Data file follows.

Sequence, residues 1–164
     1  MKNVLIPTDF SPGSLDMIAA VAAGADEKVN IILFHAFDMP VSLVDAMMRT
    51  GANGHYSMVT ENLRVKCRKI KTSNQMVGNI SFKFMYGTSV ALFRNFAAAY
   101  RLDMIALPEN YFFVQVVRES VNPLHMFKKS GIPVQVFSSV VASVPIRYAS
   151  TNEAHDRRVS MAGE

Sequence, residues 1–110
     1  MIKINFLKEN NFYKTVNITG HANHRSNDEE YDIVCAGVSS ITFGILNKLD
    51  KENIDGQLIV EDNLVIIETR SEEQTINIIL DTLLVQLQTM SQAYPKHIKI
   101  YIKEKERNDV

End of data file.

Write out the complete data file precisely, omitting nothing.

Sequence, residues 1–164
     1  MKNVLIPTDF SPGSLDMIAA VAAGADEKVN IILFHAFDMP VSLVDAMMRT
    51  GANGHYSMVT ENLRVKCRKI KTSNQMVGNI SFKFMYGTSV ALFRNFAAAY
   101  RLDMIALPEN YFFVQVVRES VNPLHMFKKS GIPVQVFSSV VASVPIRYAS
   151  TNEAHDRRVS MAGE

Sequence, residues 1–110
     1  MIKINFLKEN NFYKTVNITG HANHRSNDEE YDIVCAGVSS ITFGILNKLD
    51  KENIDGQLIV EDNLVIIETR SEEQTINIIL DTLLVQLQTM SQAYPKHIKI
   101  YIKEKERNDV